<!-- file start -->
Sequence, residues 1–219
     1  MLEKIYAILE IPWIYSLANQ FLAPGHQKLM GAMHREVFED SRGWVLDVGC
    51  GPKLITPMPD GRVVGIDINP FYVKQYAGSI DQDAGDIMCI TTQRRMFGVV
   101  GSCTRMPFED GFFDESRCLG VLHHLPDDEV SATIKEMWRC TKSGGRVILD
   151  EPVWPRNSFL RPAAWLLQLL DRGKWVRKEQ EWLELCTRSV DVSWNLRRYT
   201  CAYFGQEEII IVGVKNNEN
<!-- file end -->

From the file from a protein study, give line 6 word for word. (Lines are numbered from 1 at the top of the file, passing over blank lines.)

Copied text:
   201  CAYFGQEEII IVGVKNNEN